PARK CITY, Utah — This year MTV is covering the Sundance Film Festival from every conceivable angle — including an ongoing diary of our news team's experiences at the fest.
January 22, 9:25 p.m.
Another night at Sundance, another buzzed-about flick gets its long-awaited debut. Tonight I'm seeing the first screening of "The Nines." Curious Sundance sidenote: numbers seem to be very much in vogue this year. In addition to this one, there's "The Ten" and "Chicago 10." And none of them is even a sequel! Anyway, tonight is all about "The Nines" and the crowd is buzzing at the Eccles Theatre. It's packed too. I even spot "Veronica Mars" herself, Kristen Bell, looking for a seat. I also spy "Mr. & Mrs. Smith" director Doug Liman running around the theater for no apparent reason.
The film concludes and the arguments begin. This happens a lot at Sundance. Nearly every conversation begins with something along the lines of, "So, what's good?" Well, that or "Who have you seen?" In the back of a taxi leaving the theater, opinions are divergent on "The Nines," a head trip of a flick starring Ryan Reynolds. It's a drama, a comedy and sci-fi flick all in one, and I was mesmerized. MTV News writer Larry Carroll couldn't disagree more. He's ready to throttle the director.
January 23, 12:30 a.m.
I make a couple of brief stops in town at premiere parties for "The Nines" and "The Ten" (where Matisyahu has the crowd pumped) before hitting the hay. Frankly, sleep is more of a priority than party-hopping at this point.
Here's another one of the many little ironies of Sundance: No one knows what's going on. How do I get tickets? No one knows. Does this pass get me in here? Maybe, you can try. Where is the interview happening? I think it might be down there. And finally, what's the hot film? Ask five people and you'll probably get six answers. This morning I learned about some of the first deals in place at the festival. The Sam Rockwell thriller "Joshua" went to Fox Searchlight. John Cusack's "Grace is Gone" went to the Weinsteins (they're also sharing the rights to a racy little flick called "Teeth"). In short, none of the films I've seen have been bought yet. And here I thought I'd been checking out the must-see flicks at the festival. Like I said, nobody knows what's going on.
I've been itching for a comedy and I've finally found one. "Year of the Dog," which stars Molly Shannon as a canine-obsessed sad sack, is about to begin and I'm ready to smile after overindulging in tales of child abuse, alcoholism and suicide.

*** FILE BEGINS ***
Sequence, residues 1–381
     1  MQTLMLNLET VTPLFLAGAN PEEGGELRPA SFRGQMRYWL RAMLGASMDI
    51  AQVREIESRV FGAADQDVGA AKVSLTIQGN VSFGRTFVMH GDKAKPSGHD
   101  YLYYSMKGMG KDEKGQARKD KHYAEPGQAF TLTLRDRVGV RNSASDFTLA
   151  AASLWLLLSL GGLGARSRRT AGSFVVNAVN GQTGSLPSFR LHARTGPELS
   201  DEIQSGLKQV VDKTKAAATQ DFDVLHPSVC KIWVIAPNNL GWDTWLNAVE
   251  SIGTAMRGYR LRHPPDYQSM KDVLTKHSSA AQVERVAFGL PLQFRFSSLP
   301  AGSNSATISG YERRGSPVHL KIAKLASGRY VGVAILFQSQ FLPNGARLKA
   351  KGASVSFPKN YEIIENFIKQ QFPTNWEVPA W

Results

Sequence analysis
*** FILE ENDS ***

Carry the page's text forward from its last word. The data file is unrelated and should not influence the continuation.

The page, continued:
"Year of the Dog" does the trick well enough. Shannon's winning smile carries the day in the quirky Mike White-directed flick. But this being Sundance, even though it's a comedy, it has its share of darkness.
After taking care of a few odds and ends (viewing some tape for pieces we're cutting), I make a quick stop at an afternoon party in town for Picturehouse, the theatrical arm of HBO. I notice Rainn Wilson of "The Office" in deep conversation with Timothy Hutton. File that under things I wasn't expecting to see today.
I just passed Tara Reid. Any festival that can debut flicks starring Tara and Anthony Hopkins in the same week gets my vote.
Besides Robert Redford, the first thing that probably comes to anyone's mind when they think of Sundance is the swag. Yes, this is the place where everything from massages to cosmetics are thrown at anyone with even a small amount of notoriety. I've asked a ton of celebrities this week about the swag and just about everyone says they have no interest in it. Well someone is lying, because the swag doesn't walk off by itself. And I've finally met a guy who is stoked for free stuff: "Detroit Rock City" director Adam Rifkin gleefully tells me he's only been here a couple hours and he's already gotten free boots and an iPod. "I am all about the swag," he enthuses. "I love it!" We talk for a bit about his Slamdance caveman comedy, "Homo Erectus" (I'm not making this up), and then he moves on. On to the next party full of free stuff, I suppose.
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